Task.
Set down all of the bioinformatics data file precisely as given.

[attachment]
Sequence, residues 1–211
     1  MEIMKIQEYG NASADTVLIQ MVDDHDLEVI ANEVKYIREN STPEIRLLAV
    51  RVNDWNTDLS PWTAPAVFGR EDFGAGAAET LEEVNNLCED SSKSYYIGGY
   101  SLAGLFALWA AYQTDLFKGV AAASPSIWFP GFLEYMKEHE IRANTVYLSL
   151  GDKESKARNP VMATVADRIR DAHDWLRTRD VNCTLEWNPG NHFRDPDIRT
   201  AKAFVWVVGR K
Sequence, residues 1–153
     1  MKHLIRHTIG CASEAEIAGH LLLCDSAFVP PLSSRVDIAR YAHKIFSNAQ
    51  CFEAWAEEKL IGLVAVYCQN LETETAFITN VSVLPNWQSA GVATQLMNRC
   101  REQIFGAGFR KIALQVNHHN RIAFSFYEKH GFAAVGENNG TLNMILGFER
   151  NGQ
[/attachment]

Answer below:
Sequence, residues 1–211
     1  MEIMKIQEYG NASADTVLIQ MVDDHDLEVI ANEVKYIREN STPEIRLLAV
    51  RVNDWNTDLS PWTAPAVFGR EDFGAGAAET LEEVNNLCED SSKSYYIGGY
   101  SLAGLFALWA AYQTDLFKGV AAASPSIWFP GFLEYMKEHE IRANTVYLSL
   151  GDKESKARNP VMATVADRIR DAHDWLRTRD VNCTLEWNPG NHFRDPDIRT
   201  AKAFVWVVGR K
Sequence, residues 1–153
     1  MKHLIRHTIG CASEAEIAGH LLLCDSAFVP PLSSRVDIAR YAHKIFSNAQ
    51  CFEAWAEEKL IGLVAVYCQN LETETAFITN VSVLPNWQSA GVATQLMNRC
   101  REQIFGAGFR KIALQVNHHN RIAFSFYEKH GFAAVGENNG TLNMILGFER
   151  NGQ